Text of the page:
Tom Kremer

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Thomas Kremer (26 May 1930 – 24 June 2017) was a game inventor and marketer who acquired the rights to market the Rubik's Cube. [1] [2] [3] [4] [5]


Tom Kremer was a games designer, entrepreneur and publisher, best known for his discovery and popularisation of the Rubik's Cube. As an octogenarian he founded the publishing house Notting Hill Editions, with the aim of reinvigorating the lost art of the essay.


Kremer was born in Transylvania (Székelyföld) in 1930, the son of Bundy Kremer an army officer and Lilly(Heller) Kremer. As a teenager he was imprisoned at the Bergen-Belsen concentration camp, he was freed upon its liberation in April 1945. Travelling to Israel he joined the fight for the fledgling country's independence, gained in 1948. Following studies in philosophy at Edinburgh University, where he met his wife-to-be, he carried out post-graduate research at the Sorbonne.

Kremer had been living in England and working in games design since the 1960s when he visited a trade show in Germany and saw the Rubik's Cube for the first time in 1979. His son David recalled: "The cube wasn't a big sensation at the Nuremberg toy fair: it was just a small thing in a backwater section at this huge event." Kremer licensed the design to the Ideal Toy Company, which by 1983 had already sold some 300m of the fiendishly complicated 3D puzzle. The Cube's worldwide success came, he said, because it "challenges you with simplicity. You can handle it, and yet it has enormous hidden complexity." But it also became a victim of its own success, as his son explained: "Everybody had one. The cube went from world's greatest fad to zero: there were thousands piled up in warehouses." Kremer later reacquired the license, allowing him to introduce it to new generations of puzzlers.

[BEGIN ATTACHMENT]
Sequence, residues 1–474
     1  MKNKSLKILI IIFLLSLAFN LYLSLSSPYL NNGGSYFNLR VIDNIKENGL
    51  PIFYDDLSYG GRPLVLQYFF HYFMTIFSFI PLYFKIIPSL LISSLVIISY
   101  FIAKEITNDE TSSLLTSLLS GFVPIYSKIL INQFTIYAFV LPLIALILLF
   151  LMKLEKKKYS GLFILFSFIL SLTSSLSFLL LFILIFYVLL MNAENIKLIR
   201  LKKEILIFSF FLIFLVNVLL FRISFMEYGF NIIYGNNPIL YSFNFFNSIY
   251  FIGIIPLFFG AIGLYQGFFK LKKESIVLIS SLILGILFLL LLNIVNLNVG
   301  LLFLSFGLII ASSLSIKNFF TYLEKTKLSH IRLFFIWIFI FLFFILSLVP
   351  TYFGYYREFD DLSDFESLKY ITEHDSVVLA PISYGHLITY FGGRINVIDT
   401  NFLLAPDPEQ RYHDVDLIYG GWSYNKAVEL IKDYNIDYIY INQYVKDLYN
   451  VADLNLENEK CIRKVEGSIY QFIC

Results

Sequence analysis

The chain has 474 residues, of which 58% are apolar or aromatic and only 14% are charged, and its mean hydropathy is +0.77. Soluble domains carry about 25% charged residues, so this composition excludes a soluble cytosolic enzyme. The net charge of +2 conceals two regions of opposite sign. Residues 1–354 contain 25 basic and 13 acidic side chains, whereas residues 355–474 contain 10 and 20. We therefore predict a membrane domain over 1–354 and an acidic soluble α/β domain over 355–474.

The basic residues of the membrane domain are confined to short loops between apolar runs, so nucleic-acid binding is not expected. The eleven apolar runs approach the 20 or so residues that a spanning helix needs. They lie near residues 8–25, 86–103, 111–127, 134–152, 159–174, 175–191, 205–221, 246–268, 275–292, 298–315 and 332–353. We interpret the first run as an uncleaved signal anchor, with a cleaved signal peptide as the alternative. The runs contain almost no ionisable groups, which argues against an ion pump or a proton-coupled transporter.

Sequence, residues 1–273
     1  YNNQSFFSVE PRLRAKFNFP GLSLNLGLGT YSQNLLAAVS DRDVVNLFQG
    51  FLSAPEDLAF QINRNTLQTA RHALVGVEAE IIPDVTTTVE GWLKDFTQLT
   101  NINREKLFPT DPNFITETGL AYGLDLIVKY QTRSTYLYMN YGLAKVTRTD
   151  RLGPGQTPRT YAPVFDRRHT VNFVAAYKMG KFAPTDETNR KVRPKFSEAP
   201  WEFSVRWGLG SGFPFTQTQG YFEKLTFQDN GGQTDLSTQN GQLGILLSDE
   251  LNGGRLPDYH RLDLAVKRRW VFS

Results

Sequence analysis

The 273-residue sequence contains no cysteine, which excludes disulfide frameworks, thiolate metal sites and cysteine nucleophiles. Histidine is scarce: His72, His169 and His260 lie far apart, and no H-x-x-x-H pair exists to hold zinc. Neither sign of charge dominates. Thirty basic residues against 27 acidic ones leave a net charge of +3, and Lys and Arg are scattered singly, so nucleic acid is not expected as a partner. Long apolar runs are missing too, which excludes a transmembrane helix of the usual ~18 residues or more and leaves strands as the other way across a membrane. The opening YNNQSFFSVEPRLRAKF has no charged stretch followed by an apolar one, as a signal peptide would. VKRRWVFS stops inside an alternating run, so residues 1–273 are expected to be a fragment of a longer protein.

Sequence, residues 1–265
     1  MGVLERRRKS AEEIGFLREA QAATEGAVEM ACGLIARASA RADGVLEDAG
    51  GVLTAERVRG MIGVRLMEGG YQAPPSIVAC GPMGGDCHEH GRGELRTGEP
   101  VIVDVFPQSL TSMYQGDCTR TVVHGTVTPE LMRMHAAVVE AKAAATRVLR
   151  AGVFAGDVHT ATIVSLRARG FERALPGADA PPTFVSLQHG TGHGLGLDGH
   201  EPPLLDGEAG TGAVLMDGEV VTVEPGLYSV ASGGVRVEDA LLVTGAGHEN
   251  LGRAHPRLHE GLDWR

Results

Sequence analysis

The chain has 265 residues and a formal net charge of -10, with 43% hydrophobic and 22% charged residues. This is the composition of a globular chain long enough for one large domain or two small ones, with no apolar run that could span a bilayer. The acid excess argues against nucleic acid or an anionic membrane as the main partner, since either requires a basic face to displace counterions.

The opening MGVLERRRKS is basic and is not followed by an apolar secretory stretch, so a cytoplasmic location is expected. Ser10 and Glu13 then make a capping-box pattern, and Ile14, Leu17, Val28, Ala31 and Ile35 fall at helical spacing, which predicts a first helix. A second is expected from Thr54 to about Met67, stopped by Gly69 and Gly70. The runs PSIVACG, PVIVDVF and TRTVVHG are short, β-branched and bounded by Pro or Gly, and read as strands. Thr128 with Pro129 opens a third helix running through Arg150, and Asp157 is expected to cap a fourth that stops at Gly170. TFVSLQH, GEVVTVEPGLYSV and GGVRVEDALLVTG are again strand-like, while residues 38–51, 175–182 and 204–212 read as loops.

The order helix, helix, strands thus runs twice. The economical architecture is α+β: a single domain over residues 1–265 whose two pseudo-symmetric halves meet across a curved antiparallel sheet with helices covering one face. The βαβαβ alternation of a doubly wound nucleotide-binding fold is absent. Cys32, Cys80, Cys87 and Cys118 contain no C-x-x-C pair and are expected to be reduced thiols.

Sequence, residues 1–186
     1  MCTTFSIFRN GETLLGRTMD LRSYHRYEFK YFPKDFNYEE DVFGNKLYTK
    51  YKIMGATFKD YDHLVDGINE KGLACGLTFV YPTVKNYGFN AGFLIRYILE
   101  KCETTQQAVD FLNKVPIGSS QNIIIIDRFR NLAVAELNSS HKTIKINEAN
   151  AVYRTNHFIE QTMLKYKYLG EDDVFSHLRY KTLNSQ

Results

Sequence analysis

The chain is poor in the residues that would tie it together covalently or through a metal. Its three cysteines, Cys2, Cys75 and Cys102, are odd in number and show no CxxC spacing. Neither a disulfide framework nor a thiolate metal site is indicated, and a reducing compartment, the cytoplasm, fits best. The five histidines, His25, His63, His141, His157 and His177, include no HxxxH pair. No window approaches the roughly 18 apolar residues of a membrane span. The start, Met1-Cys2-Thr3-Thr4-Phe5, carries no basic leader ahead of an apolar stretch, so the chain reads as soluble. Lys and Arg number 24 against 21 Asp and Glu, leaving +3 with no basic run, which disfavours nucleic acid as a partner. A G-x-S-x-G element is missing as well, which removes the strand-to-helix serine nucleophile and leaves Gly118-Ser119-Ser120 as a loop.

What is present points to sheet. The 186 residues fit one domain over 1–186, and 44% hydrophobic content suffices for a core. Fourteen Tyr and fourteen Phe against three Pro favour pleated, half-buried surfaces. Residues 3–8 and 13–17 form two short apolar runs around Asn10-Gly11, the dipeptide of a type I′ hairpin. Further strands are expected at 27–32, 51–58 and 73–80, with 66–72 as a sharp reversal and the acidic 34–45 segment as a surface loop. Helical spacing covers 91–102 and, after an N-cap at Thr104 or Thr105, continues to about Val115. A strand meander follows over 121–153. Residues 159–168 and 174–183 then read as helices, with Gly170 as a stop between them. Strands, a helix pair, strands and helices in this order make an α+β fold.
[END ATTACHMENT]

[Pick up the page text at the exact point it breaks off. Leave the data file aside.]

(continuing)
Kremer was a cofounder of Winning Moves Games and later chairman of the board, while cofounder Phil Orbanes served as president. It was while serving at Winning Moves that Kremer was able to reacquire the Rubik's Cube in 2000. Kremer was married to Lady Alison Emily Kremer daughter of Robert Balfour, 3rd Earl of Balfour

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  2. Douglas, Claire (2017-06-26). "Notting Hill Editions founder Kremer dies". The Bookseller . Retrieved 2017-07-27.
  3. "Tom Kremer". Notting Hill Editions. 2017-06-24. Retrieved 2017-07-27.
  4. Doherty, Rosa. "Tom Kremer, champion of the essay and the Rubik's Cube, dies". The Jewish Chronicle . Retrieved 2017-07-27.
  5. "Tom Kremer | Register". The Times . Retrieved 2017-07-27.